But perhaps today the last word should go to Saint Martin of Tours, whose Feast Day it is today.  Martin started his adult life as a soldier in the Roman army and ended it as a Christian Bishop who worked tirelessly for peace, justice and reconciliation.

beggar-1The most famous story of Martin recalls how, as a soldier in France, he was confronted by a beggar.  Having nothing to give the poor man, Martin took a sword and cut his heavy Officer’s cloak in two, giving half to the beggar.  Later, the Saint had a vision of Jesus wearing the cloak, and saying to the angels: “Here is Martin, the Roman soldier who is not Baptised; he has clothed me.” 

The vision recalls Christ’s words about the Judgement, in which it is not our creed but our justice and charity which determine our love of Christ:

“I was naked, and you clothed me.” (Matthew 25:36)

After his Baptism at the age of 18, Martin refused to fight for the Roman army, and became a hermit.  15th-c-frescoLater, he was reluctantly made Bishop of Tours by popular demand, though he always felt himself unworthy of the office, and seldom left his monastery.  His few departures from Tours were always in the cause of justice and peace, pleading for the welfare of his people, including condemned prisoners.

s-martins-gooseMartin was known for his lengthy fasts, and in the Middle Ages his Feast Day was the last day before the pre-Christmass fast, which came to be known as the “Martinmass Lent.”  People traditionally feasted on Martinmass, often eating goose (recalling the legend that a goose honked to let the people of Tours know where their reluctant Bishop-to-be was hiding).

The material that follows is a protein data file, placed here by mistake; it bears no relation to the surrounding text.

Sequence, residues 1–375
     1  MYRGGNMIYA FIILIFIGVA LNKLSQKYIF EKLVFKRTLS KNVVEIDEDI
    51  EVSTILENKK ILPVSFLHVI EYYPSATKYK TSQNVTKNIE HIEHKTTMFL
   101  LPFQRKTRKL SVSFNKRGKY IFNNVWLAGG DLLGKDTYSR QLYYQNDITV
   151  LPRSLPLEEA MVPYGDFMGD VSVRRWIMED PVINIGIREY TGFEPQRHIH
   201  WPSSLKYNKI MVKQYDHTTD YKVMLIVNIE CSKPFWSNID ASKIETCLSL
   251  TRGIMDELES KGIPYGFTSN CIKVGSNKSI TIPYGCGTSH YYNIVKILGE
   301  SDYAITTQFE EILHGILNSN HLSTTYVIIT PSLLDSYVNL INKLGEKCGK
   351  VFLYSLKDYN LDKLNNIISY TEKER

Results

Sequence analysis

Now that Advent starts a bit later, and winter seems to be upon us already, perhaps there’s little reason for us to keep up the Mediaeval tradition of this mini-carnival on S. Martin’s day.  But if we no longer keep carnival (carne vale, saying farewell to meat), perhaps we can pray for a farewell to the carnage and slaughter of war. 

As Christians, we still have many things for which to fight, but we are called to do so not with guns and bombs, but under the banner of the Prince of Peace.  At 18, Martin refused to fight for the Romans with these words: “Hitherto I have served you as a soldier: allow me now to become a soldier to God.  I am the soldier of Christ; it is not lawful for me to fight.”  At the end of his life, this faithful soldier to God prayed thus:

Lord, if your people still have need of my services,
I will not avoid the toil.
Your will be done.
I have fought the good fight long enough.
Yet if you bid me continue
to hold the battle line in defence of your camp,
I will never beg to be excused from failing strength.
I will do the work you entrust to me.
While you command, I will fight beneath your banner.

 

Let us fight for peace beneath the banner of the living God, who makes wars to cease in all the world (Psalm 46:9).

simone_martini_028

Saint Martin refuses to fight for Rome, and becomes a soldier of Christ.